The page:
Step Four: Create a list of all items that appear as opportunities. Items that are below acceptable cutoff scores, for example below 50% favorable, or are lower than other comparison groups, for example norms or total company, should be considered opportunities for improvement. Sort the items on your opportunities list by level. BASIC items should be listed first; INTERMEDIATE items second and ADVANCED items third. Make a list of all items identified and include in your feedback meetings.

Step Five: Determine your sense of urgency. An interesting concept that seldom comes up for discussion in survey feedback and action planning is urgency. Why determine your sense of urgency (and what is it)?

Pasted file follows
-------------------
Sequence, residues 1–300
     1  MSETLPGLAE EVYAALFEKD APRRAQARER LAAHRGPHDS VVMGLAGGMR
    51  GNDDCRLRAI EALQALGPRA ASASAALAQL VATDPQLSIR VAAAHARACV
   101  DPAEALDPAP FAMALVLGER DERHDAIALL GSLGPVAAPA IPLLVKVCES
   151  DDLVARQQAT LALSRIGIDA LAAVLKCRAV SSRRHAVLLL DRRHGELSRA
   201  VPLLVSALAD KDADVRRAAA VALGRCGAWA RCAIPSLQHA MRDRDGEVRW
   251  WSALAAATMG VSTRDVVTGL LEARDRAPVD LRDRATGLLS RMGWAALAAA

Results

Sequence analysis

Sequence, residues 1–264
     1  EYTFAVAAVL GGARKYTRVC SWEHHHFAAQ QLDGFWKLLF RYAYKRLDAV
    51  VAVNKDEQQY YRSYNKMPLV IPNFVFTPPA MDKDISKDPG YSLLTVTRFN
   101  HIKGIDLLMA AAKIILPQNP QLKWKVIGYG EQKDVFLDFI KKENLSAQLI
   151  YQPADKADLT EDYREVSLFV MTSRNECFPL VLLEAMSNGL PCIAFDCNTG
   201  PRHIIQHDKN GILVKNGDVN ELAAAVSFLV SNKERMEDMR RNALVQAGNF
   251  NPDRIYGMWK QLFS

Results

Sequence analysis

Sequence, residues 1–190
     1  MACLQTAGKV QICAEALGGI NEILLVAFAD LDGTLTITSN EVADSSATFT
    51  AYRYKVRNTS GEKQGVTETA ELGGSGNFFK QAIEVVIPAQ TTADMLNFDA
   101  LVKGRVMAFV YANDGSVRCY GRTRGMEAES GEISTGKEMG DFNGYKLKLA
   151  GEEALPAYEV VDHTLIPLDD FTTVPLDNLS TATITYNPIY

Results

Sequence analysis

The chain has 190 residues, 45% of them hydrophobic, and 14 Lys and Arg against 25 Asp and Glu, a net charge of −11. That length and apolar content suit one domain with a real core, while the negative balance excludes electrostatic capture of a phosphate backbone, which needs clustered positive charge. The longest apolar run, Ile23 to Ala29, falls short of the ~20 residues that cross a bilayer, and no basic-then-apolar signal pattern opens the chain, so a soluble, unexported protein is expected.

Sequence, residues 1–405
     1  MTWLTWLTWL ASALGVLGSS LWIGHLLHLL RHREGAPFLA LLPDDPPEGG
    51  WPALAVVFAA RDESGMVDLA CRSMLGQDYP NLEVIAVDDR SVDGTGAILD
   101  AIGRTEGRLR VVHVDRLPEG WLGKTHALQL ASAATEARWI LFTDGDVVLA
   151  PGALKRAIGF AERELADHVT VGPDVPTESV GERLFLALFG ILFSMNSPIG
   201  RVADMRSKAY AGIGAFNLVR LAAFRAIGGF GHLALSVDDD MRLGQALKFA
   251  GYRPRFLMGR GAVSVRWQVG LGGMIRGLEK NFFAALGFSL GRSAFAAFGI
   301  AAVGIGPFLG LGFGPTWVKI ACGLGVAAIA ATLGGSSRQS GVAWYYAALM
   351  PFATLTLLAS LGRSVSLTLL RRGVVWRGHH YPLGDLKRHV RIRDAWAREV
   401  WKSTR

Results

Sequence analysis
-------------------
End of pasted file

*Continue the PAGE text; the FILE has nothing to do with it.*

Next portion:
Consider the following: A global manufacturing organization conducted an employee survey and received their results six months after one division unsuccessfully campaigned for union representation. Several unions were already present within the organization so union representation was not uncommon or necessarily unwelcomed. This division, however, consisted of professional employees, not hourly workers, who were upset about development and growth opportunities. When asked if they liked the work that they do (BASIC), 71% of the group responded favorably. When asked if they would recommend the company as a good place to work, only 40% responded favorably. And when asked if they were satisfied with their opportunities to get a better job within the company (INTERMEDIATE) only 34% responded favorably. This group of professional employees really liked WHAT they were doing; they were just not sure the liked WHERE they were.